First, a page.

July 14, 2024
Suit 25, Mangal Plaza, Nouakchott Street, Wuse Zone 1, Abuja- Nigeria.

Nigerian Senate Rejects Removal of Electricity Subsidy

The Nigerian Senate on Wednesday rejected the government’s proposal aimed at removing the electricity subsidy, a move that would have inevitably led to a hike in electricity bills.

Senator Abbas Iya, representing Adamawa Central, moved the motion during the session on Wednesday, securing the backing of fellow lawmakers in attendance.

In an interview with the Hausa version of the BBC, Senator Ali Ndume, representing Borno South, emphasised the requirement for any increase in electricity tariffs to receive the nod from the Nigerian Red Chamber.

“It’s absurd to even consider increasing tariff for a service that frequently remains inaccessible, and extorting extra funds from the citizens is grossly unfair,” he said.

Electricity Subsidy: A Renewed Channel of Fleecing the Nation?

Experts Advise Nigerian Govt to Shelve Electricity Subsidy Removal

“End Electricity Subsidy Completely” – IMF Tells Nigerian Govt

Ndume emphasized the necessity of opposing the proposed removal of the subsidy, highlighting the escalating reliance on solar power due to the unreliable and costly nature of conventional electricity.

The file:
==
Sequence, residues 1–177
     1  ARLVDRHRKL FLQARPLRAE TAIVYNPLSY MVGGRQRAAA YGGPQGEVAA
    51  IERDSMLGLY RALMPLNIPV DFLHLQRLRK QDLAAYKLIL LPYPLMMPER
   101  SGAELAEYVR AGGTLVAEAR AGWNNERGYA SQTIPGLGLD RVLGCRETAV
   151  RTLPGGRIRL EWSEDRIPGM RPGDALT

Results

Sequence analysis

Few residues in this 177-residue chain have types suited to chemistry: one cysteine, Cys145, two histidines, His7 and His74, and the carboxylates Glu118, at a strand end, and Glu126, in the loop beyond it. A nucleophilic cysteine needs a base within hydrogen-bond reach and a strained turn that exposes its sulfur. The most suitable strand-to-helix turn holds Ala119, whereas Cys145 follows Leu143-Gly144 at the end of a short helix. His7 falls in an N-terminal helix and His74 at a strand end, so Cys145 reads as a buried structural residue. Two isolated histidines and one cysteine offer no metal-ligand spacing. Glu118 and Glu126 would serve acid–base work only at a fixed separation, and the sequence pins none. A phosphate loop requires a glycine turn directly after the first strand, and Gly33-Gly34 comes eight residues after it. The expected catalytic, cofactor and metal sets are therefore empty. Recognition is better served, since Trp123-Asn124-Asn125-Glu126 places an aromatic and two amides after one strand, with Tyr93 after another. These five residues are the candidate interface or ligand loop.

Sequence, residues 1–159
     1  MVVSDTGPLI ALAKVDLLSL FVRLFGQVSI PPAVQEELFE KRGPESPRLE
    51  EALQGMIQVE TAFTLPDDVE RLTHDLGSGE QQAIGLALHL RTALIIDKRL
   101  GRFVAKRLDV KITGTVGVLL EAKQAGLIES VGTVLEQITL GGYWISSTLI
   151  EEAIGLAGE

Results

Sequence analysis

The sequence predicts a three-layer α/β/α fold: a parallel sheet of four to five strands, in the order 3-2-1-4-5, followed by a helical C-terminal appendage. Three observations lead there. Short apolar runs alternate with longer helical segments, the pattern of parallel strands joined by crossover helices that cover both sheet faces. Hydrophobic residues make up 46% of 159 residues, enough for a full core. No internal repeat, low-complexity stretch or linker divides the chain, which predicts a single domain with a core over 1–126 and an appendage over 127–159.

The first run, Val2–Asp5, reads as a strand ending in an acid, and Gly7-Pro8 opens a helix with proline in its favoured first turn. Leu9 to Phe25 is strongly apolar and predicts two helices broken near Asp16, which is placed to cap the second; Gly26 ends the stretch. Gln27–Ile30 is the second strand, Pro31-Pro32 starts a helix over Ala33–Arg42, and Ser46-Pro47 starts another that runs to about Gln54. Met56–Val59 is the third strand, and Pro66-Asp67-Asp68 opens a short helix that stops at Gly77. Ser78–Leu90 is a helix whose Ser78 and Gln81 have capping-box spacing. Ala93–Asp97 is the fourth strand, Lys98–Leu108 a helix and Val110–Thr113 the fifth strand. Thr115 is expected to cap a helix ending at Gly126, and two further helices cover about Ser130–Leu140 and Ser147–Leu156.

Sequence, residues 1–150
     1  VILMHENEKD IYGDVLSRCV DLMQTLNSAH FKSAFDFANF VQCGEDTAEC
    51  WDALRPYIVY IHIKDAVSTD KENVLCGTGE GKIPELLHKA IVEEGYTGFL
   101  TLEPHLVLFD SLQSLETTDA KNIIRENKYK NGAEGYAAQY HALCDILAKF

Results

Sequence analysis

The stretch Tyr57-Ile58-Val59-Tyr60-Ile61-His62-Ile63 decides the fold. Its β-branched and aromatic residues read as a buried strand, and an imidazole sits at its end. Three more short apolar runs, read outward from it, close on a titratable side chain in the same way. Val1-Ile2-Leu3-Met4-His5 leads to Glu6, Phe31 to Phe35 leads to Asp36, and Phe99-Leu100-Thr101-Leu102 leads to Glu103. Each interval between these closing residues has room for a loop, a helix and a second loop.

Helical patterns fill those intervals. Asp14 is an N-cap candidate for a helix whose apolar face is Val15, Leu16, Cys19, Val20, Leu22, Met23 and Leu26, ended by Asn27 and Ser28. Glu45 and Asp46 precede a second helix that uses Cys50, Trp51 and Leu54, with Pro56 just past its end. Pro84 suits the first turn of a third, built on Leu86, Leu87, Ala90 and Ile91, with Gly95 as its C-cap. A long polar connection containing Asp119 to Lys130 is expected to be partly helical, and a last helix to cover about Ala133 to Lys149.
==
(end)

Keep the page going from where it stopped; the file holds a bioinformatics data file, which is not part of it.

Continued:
“Hence, we stand in firm opposition to this proposal,” he said, stressing the need to address issues such as food scarcity and economic hardships.

The Nigerian Electricity Regulatory Commission (NERC) had in December revealed that the federal government spent over N600 billion to subsidise electricity in 2023 alone.

Last week, Minister of Power, Adebayo Adelabu announced that it was very difficult to sustain subsidy on electricity adding that Nigeria must begin to move towards a cost-effective tariff model.

According to the Minister, Nigeria is currently indebted to the tune of N1.3tn to electricity generating companies, while the debt to gas companies was $1.3bn.

The government had in May removed the fuel subsidies which led to the unprecedented surge in the prices of food and other commodities compelling Nigerians into a food crisis and a high cost of living.

There were protests in some major cities including Minna, Kano and Oyo over the economic hardship occasioned by the removal of the fuel subsidy.

Leave a Reply

Your email address will not be published. Required fields are marked *

This site uses Akismet to reduce spam. Learn how your comment data is processed.